1. Between The Buried And Me - Voice of Trespass
Technically,  some of the previous tracks might be better and more innovative, but there is no other song this year that has given me such joy, made me move so much, and made me scream more loudly than the insanity known as "Voice of Trespass". Coming from the second of the two "Automata" albums, this track takes you to some shady jazz lounge where everyone has taken a mix of speed, coffee, Red Bull, and steroids, then proceeds to go completely ballistic on all the instruments (including the xylophone), creating an insane groove that you simply cannot resist. It is BTBAM at its BTBAMiest, and I would say that this song alone makes the album it is from an easy pick up, even if it is short as hell. Just more proof on who is one of the leaders of the progressive metal scene. BTBAM, you madmen have done it again.

Thank you for reading, and stay tuned for my top 20 albums of the year coming in the next few days. In the mean time, go listen to these songs in this handy Spotify playlist.

Stay metal
Robert "Sharkruisher" Andersson

Thursday, December 6, 2018

Winter break

Yeah, you have probably noticed already that I have been quite inactive in recent weeks, my inspiration to review music is just not there right now. Gonna take a break for most of December, come back with my usual "End of the year" lists (top 50 songs, and top 20 albums) at the end of the month. Hopefully I will emerge as a more refreshed reviewer once 2019 arrives

Stay metal, and merry Christmas
Robert "Sharkruisher" Andersson

Wednesday, November 28, 2018

Helloween - Master of The Rings (1994)

After two very strange records and a shuffling of the line-up, Helloween emerged in 1994 as a reborn band, seemingly with a goal to completely erase both "Pink Bubbles Go Ape" and "Chameleon" from existence by going back to the band's roots. The title "Master of The Rings" sure has a nice ring to it (pun intended), taking us back to the fantasy realm where close to anything can happen, but who is the master? Maybe it is the video game part of my brain talking, but it cannot be anyone else than that blue blur known as Sonic The Hedgehog. Let us see if he makes an appearance, telling the band "You're too slow, come on, step it up".

It is funny that I talk about Sonic, because we do get a song dedicated to video games called "The Game Is On", talking that it could be a good way to escape reality and have some fun, as long as you do it responsibly. The lyrical themes are otherwise going in all sorts of directions, like doubts in faith inn "Why?", making sweet love in "Secret Alibi", and even giving former singer Michael Kiske a brutal slamming in "Mr. Ego (Take Me Down)". Ouch, that has to hurt.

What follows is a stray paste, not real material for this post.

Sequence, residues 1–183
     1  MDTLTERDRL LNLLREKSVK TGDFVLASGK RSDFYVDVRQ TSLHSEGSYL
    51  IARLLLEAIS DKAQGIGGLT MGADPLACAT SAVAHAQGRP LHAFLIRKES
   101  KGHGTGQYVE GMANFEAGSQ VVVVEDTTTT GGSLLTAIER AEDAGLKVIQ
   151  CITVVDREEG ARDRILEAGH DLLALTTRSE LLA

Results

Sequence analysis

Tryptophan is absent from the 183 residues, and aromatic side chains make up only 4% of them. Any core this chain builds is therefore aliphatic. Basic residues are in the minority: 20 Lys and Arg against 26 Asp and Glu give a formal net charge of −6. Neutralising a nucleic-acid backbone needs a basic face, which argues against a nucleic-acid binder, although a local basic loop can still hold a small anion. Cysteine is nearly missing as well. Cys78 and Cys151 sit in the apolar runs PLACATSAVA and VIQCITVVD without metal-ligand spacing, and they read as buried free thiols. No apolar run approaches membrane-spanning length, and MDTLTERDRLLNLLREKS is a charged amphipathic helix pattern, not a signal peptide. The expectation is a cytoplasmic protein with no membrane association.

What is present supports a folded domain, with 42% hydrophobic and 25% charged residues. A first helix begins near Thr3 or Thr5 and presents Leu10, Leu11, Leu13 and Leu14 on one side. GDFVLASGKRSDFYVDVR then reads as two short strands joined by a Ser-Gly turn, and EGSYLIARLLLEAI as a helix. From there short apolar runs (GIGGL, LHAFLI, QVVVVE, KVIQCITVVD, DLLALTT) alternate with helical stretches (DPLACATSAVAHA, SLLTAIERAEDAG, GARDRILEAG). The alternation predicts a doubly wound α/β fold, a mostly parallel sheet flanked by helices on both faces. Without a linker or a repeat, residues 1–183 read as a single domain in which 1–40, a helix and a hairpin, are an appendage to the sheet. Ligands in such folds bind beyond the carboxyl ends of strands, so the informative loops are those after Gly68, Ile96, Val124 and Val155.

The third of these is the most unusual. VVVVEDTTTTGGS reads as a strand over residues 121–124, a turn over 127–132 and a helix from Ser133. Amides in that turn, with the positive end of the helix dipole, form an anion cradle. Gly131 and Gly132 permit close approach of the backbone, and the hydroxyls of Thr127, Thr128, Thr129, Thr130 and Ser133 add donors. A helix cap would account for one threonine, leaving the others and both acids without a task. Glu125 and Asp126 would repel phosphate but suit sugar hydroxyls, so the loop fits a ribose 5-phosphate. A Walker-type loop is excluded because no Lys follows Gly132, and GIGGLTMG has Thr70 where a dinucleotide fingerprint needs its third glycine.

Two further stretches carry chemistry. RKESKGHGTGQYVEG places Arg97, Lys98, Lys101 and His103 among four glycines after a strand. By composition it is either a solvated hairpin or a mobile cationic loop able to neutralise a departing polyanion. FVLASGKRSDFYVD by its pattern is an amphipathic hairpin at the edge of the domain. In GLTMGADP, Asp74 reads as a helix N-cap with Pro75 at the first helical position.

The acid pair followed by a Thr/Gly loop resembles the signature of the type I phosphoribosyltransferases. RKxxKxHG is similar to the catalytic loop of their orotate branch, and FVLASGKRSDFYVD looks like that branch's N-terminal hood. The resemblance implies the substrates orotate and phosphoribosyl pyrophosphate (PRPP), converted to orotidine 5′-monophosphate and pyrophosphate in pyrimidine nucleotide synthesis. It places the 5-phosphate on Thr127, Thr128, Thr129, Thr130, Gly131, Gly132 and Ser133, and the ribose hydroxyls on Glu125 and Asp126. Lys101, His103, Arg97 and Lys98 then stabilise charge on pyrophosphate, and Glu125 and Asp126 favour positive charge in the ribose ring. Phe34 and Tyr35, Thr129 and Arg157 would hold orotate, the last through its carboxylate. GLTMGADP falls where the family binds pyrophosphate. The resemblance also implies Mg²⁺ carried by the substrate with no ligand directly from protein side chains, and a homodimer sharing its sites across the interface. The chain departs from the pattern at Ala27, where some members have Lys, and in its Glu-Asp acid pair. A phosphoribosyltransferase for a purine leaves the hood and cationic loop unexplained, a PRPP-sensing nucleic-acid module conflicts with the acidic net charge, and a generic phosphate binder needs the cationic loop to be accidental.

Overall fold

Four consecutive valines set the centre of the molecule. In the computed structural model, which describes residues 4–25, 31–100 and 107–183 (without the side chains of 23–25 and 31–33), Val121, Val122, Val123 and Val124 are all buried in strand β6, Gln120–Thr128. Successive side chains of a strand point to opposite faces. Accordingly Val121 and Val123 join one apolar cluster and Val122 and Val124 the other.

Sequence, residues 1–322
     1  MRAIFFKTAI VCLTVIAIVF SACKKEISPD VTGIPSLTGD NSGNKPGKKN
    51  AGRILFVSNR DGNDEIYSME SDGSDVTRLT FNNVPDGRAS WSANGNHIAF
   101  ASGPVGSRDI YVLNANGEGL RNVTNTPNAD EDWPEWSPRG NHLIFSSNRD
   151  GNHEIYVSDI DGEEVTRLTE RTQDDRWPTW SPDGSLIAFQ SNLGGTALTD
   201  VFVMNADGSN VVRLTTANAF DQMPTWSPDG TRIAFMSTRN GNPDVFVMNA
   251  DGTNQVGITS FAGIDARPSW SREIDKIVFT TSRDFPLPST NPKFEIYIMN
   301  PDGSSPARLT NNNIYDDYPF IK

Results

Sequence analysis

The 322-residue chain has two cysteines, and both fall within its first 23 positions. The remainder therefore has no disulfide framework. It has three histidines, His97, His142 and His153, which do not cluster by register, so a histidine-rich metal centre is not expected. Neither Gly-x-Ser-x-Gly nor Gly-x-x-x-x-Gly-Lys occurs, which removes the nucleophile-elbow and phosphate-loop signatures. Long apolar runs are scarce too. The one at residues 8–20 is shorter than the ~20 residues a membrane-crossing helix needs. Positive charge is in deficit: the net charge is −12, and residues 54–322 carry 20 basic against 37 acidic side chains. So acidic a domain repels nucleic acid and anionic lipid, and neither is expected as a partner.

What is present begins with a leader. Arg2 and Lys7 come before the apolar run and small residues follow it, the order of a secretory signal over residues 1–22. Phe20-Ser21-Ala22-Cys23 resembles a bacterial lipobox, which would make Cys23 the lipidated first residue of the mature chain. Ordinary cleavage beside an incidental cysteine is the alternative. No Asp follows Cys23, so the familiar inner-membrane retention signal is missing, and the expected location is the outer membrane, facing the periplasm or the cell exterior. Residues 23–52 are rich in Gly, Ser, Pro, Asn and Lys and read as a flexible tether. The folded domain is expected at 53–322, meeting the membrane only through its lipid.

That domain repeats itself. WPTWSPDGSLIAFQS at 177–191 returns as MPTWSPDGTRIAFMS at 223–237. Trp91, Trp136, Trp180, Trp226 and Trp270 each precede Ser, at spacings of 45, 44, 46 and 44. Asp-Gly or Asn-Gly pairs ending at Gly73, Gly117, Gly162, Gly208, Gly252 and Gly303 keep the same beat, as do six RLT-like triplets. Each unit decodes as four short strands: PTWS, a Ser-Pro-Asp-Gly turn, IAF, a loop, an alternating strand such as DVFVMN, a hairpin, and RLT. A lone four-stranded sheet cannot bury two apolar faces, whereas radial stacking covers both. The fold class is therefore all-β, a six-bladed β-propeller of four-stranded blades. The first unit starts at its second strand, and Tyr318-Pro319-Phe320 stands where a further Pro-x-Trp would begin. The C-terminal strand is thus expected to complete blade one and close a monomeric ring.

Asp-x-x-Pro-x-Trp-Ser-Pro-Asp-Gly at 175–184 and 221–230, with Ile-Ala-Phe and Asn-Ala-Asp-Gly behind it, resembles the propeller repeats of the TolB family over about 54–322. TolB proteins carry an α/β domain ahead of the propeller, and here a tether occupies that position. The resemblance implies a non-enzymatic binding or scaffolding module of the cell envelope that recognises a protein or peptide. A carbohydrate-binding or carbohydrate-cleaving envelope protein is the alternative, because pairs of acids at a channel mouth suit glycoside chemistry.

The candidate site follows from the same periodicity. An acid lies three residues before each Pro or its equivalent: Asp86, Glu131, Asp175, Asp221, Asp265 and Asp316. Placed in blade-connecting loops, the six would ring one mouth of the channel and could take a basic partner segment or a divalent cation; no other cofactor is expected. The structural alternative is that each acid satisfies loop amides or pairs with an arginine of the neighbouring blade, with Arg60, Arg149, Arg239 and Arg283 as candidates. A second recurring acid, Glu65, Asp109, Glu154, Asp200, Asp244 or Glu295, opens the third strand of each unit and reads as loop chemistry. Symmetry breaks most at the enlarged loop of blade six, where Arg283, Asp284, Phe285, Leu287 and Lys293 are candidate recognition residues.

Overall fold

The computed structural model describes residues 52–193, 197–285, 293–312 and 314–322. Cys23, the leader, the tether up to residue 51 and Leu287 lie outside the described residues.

While we are in the topics of singers, let us discuss Kiske's replacement, Mr. Andi Deris, who was picked up from Pink Cream 69. In terms of pure talent and range, Andi is definitely a down grade for Helloween, he just cannot match what Kiske could do, but he still has a unique tone to him that does fit the heavier side of the band. He is definitely not some average Joe that you are gonna forget, he gives his all, and does so in his way, which is probably why he is still with the band over 20 years later.

Andi does get a good amount of opportunities to shine in this record, because "Master of The Rings" has a bunch of really enjoyable tunes. "Sole Survivor" and "Where The Rain Grows" opens up the record with classic old school power metal, it is powerful, epic, and catchy as all hell. "Perfect Gentleman" shows off a more groovy and less serious side of the band that just feels fun, and "Still We Go" closes the album in an full on HammerFall-like offense. It is a dynamic record that may not have the same fire power as the "Keeper..." albums, but it is still a fun record to listen to.

However, even if the album is dynamic, it has sort of the same problem that "Chameleon" had, and that is that it feels sort of like a collaboration album, with songs that could have been made by other bands. "Mr. Ego (Take Me Down)" could have been a Queensrÿche song, and "In The Middle of A Heartbeat" could have been written by Bon Jovi. Then we have the most bonkers song in the entire record, "Take Me Home". I had to triple check to see if this was not a cover, because this track sounds so much like Van Halen that it just could not be an original track. It has everything that makes Van Halen what they are, the fast paced groove, the confident swagger, and the deciding factor, the guitars. Michael Weikath and Roland Grapow brings out their inner Eddie Van Halen and goes ballistic with insane riffs and solos that Eddie himself would be either proud over, or mad because they they straight out copied his style. I bet both Michael and Roland did a ton of practice on "Eruption" in their youth, and they nailed this one, creating a fun as hell song that is a clear stand out.

Overall, "Master of The Rings" is a clear return to form for Helloween, at least in the eyes of those who enjoyed their first three records, but not the two after those. For me, this is for sure a fun record that displays a band that has once again found harmony, a group that felt with ease in where they were at. It still has its fair share of bumps on the road, so the ride does not come out limousine quality of smoothness, but it is still a fun ride nonetheless. It is not like you are flying on a giant, golden ring in space, more like a four wheeler in the woods.

Songs worthy of recognition: Where The Rain Grows, Take Me Home, Still We Go

Rating: 7,5/10 Perfect Gentlemen

More reviews of Helloween
Walls of Jericho
Keeper of The Seven Keys: Part 1
Keeper of The Seven Keys: Part 2
Pink Bubbles Go Ape
Straight Out of Hell
My God-Given Right

Saturday, November 17, 2018